|Avro 652 "Avatar" of Imperial Airways, 1935|
|Role||Light airliner and mailplane|
|First flight||7 January 1935|
|Introduction||11 March 1935 (Imperial Airways)|
|Primary users||Imperial Airways
Air Service Training Ltd
Fleet Air Arm
|Developed into||Avro Anson|
The Avro 652 was a 1930s British light airliner, built by A.V. Roe and Company. It was a twin-engine, low-wing monoplane with a retractable undercarriage, and a tailwheel. Although only two were produced, it formed the basis for the successful Avro Anson.
Design and development
In 1933, Imperial Airways issued a specification to Avro, for a light airliner to transport four passengers for up to 420 mi (676 km) at a cruising speed of 130 mph (210 km/h). By August 1933, Roy Chadwick's team had produced a design study. This had to be revised when Imperial Airways changed the specification, to enable the machine to fly the Karachi-Bombay-Colombo night mail service. The amended design was accepted, and in April 1934 an order for two aircraft was issued. The first aircraft flew on 7 January 1935, and the type was certificated in March 1935.
On 11 March 1935, the two Avro 652s were delivered to Imperial Airways at Croydon Airport. They served with Imperial Airways, mostly operating the route from Croydon to Brindisi. In 1938, they were sold to Air Service Training Ltd, a civilian company operating under Air Ministry contracts. They served with No.3 E&RFTS (Elementary and Reserve Flying Training School) as navigational trainers, at Hamble airfield. In November 1939, both aircraft were transferred to No. 11 AONS (Air Observers' Navigation School), remaining at Hamble. In March 1941, they were impressed by the Air Ministry into RAF service with No. 1 School of Photography. In July 1941, both were transferred to the Fleet Air Arm, and served with 811 Squadron at RNAS Lee-on-Solent (HMS Daedalus), until struck off charge in March 1942.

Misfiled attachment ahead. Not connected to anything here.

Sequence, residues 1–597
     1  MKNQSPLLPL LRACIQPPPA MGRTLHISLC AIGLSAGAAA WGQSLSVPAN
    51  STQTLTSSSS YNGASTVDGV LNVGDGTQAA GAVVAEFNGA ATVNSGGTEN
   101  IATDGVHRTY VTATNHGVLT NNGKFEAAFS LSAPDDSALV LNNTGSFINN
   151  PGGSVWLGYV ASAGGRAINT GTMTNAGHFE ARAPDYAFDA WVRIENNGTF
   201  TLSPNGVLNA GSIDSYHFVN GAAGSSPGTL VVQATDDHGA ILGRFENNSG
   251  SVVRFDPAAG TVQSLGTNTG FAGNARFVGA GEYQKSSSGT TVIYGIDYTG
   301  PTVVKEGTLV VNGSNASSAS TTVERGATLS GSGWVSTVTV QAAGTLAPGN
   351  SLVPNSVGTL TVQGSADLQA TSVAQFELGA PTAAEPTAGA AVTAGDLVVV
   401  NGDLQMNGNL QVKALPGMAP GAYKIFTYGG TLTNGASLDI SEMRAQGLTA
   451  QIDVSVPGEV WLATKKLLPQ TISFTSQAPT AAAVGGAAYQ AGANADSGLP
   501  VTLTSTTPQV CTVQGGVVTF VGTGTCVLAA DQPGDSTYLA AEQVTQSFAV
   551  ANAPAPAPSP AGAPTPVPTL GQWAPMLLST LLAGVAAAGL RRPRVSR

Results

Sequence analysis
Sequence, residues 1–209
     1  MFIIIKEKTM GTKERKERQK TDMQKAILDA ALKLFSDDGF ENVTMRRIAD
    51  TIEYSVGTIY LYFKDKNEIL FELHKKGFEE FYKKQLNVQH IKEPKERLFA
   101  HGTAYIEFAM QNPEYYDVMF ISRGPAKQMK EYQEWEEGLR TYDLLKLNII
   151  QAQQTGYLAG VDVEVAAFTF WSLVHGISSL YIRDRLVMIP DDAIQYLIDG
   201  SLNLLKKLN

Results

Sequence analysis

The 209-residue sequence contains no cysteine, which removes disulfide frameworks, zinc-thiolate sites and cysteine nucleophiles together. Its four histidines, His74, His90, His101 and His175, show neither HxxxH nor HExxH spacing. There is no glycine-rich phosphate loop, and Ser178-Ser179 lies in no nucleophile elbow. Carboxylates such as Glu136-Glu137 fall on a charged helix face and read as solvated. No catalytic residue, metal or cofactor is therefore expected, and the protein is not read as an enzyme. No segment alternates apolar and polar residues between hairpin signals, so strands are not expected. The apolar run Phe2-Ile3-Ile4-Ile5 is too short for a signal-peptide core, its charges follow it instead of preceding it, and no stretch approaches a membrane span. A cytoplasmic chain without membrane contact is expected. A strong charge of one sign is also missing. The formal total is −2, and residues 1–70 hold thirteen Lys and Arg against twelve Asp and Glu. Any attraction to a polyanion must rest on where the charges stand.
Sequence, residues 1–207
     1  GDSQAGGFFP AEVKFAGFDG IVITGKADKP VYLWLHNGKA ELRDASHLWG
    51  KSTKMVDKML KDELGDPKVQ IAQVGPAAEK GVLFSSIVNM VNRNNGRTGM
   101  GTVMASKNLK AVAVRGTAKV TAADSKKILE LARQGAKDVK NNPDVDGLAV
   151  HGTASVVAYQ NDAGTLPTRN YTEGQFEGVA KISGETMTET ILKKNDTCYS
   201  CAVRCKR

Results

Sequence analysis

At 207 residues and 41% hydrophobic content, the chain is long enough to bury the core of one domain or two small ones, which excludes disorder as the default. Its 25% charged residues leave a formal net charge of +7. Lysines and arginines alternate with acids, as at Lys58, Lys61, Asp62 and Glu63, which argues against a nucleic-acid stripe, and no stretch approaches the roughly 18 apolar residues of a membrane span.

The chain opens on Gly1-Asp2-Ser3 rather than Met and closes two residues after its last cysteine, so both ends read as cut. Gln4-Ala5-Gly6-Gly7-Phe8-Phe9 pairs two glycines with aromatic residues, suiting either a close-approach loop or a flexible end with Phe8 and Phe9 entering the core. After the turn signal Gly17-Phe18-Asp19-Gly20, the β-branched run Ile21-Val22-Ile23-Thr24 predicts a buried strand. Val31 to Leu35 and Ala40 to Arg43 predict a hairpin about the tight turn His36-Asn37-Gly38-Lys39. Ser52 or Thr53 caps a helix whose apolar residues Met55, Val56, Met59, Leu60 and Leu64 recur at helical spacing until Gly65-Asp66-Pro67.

- Imperial Airways, named Avalon, later to Fleet Air Arm with serial DG655.
- Imperial Airways, named Avatar, then Ava, later to Fleet Air Arm with serial DG656.
Specifications (Avro 652)
Data from Flight 7 March 1935
- Crew: 2
- Capacity: 4 passengers
- Length: 42 ft 3 in (12.88 m)
- Wingspan: 56 ft 6 in (17.22 m)
- Height: 9 ft 6 in (2.90 m)
- Wing area: 410 sq ft (38 m2)
- Empty weight: 5,100 lb (2,313 kg)
- Gross weight: 7,500 lb (3,402 kg)
- Powerplant: 2 × Armstrong Siddeley Cheetah VI seven-cylinder air-cooled radial engine, 290 hp (220 kW) each
- Maximum speed: 195 mph (314 km/h; 169 kn) at 6,000 ft (1,800 m)
- Cruise speed: 165 mph (266 km/h; 143 kn) at 6,000 ft (1,800 m)
- Stall speed: 60 mph (97 km/h; 52 kn) (minimum flying speed)
- Range: 787 mi (684 nmi; 1,267 km)
- Service ceiling: 21,500 ft (6,600 m)
- Rate of climb: 950 ft/min (4.8 m/s)
- Related development
- Aircraft of comparable role, configuration and era
- Related lists
- Mondey 1994
- "Fleet Air Arm Archive".
- Sturtivant 1988, p. 290
- Jackson 1970, p. 140
- Flight 7 March 1935, p. 241.
|Wikimedia Commons has media related to Avro 652.|
- "For Imperial Airways Charters: Two Avro 652 Low-wing Monoplanes With Siddeley "Cheetah" Engines: Finely Finished Passenger Accommodation". Flight. Vol. XXVII no. 1367. 7 March 1935. pp. 240–242.
- Jackson, A.J. (1974). British Civil Aircraft since 1919 Volume 1. Putnam. ISBN 0-370-10006-9.
- Jackson, A J (1990). Avro Aircraft since 1908 (2nd ed.). Putnam. ISBN 0-85177-834-8.
- Mondey, David (1994). The Hamlyn Concise Guide to British Aircraft of World War II. Chancellor Press. ISBN 1-85152-668-4.
- Sturtivant, Ray. 1988. The Anson File. Air-Britain ISBN 0-85130-156-8